Marvin Lewis is already thinking about life after coaching.
However, Lewis doesn’t sound like he’ll be leaving the NFL anytime soon. Once his coaching career is over, Lewis wants to dip into the front-office ranks.
In an interview with ESPN’s Katherine Terrell, Lewis opened up about his plans for life after coaching, and he even admitted he can see himself working there alongside former coaches who worked under him.
“Oh, I would love to, but I can’t write that script… I would work for Hue [Jackson], I’d work for Mike [Zimmer], I’d work for Jay [Gruden]. I’d work for Mike McCarthy or whoever it would be, do whatever they needed me to do,” Lewis said. “Ozzie [Newsome], somebody that I would like and I’d work my [tail] off for. But I don’t know if I can do that; I don’t know that’s available."
While front-office life is something Lewis can see for himself, it won’t be with the Bengals. It’s not that he doesn’t want to, but he’s not taking that job from Duke Tobin, who is effectively the Bengals’ general manager.
“No, Duke [Tobin, the director of player personnel] already has that,” Lewis said. “It’s already Duke. He just doesn’t have the [general manager] title, but that’s what he does. It wouldn’t fit. When the time comes and Mike steps aside and they put him fully in charge, he’s going to need his own space.”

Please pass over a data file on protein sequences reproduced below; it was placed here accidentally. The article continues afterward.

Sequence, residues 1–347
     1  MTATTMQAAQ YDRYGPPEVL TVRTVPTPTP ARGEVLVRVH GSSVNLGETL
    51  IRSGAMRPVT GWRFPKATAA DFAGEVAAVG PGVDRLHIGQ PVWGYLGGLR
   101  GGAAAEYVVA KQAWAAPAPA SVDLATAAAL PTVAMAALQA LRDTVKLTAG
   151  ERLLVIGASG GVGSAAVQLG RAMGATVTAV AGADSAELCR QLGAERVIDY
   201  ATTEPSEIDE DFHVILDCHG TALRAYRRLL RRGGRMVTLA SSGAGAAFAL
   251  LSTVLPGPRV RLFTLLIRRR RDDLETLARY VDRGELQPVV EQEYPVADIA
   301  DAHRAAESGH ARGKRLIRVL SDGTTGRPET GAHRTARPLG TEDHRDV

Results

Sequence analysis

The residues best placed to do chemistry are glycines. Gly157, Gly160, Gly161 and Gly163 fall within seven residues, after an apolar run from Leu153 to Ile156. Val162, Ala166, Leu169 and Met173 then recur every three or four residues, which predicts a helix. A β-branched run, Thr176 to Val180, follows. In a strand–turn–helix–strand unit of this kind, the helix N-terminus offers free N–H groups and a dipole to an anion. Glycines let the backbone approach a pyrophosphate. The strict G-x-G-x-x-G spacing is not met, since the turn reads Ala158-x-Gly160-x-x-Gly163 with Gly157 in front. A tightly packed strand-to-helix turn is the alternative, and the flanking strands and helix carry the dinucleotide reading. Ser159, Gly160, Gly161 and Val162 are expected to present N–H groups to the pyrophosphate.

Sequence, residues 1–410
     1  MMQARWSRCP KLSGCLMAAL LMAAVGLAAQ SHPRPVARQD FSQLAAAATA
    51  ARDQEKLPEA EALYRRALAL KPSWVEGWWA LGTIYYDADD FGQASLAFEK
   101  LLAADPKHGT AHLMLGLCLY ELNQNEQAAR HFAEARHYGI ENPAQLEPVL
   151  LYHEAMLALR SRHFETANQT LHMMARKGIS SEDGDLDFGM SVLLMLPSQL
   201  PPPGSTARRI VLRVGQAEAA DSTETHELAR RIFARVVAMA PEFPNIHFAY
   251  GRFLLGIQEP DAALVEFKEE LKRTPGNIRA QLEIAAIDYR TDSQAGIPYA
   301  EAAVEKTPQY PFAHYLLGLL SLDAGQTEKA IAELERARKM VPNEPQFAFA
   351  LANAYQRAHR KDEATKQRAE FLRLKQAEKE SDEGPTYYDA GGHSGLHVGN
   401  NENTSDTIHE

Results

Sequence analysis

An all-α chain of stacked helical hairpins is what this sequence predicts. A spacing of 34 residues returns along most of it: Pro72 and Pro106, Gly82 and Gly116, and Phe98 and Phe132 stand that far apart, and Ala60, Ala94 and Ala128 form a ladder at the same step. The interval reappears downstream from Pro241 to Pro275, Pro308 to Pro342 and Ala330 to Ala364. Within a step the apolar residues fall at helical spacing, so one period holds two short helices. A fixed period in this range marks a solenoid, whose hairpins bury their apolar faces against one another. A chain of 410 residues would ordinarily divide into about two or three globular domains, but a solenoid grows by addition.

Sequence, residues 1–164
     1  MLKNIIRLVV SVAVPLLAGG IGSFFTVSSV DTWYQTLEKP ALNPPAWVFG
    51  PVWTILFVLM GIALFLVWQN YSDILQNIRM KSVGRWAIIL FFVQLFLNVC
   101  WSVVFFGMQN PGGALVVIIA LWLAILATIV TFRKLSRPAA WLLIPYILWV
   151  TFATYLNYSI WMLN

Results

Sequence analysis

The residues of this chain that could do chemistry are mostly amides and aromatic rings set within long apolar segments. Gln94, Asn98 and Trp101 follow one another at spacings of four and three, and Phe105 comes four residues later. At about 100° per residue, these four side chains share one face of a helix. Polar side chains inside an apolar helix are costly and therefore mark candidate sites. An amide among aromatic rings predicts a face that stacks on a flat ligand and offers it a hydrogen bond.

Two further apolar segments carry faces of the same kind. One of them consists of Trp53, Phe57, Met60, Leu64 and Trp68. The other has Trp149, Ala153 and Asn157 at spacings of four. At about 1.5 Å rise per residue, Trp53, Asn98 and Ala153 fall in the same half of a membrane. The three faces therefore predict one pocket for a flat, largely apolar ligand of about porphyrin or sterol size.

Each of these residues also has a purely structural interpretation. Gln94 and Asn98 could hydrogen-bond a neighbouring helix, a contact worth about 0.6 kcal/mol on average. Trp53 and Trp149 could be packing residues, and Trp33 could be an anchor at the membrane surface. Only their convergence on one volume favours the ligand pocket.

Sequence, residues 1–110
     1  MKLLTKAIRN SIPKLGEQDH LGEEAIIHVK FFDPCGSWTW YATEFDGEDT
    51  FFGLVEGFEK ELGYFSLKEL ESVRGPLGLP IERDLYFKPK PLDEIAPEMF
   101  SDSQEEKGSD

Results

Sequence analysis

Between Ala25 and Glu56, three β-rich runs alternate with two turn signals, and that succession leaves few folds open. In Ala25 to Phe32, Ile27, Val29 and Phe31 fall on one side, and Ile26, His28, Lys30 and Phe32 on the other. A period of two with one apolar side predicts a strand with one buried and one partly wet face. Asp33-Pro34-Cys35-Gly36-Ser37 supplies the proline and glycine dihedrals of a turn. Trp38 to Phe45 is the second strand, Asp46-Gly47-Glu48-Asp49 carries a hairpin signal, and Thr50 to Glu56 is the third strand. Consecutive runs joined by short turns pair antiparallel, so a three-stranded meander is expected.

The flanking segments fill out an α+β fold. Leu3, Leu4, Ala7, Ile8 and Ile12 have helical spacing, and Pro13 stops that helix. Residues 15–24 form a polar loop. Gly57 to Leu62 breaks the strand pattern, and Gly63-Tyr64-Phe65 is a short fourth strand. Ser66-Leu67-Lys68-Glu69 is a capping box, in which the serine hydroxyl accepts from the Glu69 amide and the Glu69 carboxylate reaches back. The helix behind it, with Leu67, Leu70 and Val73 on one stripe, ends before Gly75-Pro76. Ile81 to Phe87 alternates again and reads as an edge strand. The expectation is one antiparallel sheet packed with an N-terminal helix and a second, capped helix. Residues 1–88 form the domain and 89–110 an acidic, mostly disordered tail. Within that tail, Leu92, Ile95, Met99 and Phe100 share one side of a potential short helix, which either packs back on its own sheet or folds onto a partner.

Reading the full interview, it certainly sounds like Lewis doesn’t want to end his his Bengals coaching career anytime soon, at least that’s the impression he gave off. He also reiterated that his job status is secure based on what owner Mike Brown told him last January. Saying, “We reassured it last January the day after we lost in the playoffs.”
Lewis also went into detail about the relationship he has with Brown and what makes him such a special owner.
“All he knows is the business. He’s been involved in it the whole time… Mr. Rooney still comes in the locker room after we play [the Steelers] to see me. Those are special people. That’s why when I came here to take this job, I think in their mind, I was a good fit. I had worked for a family-owned organization, so it was similar. I had been a part of Baltimore and Pittsburgh, which were family-owned. It’s different when a family is involved, more involved.”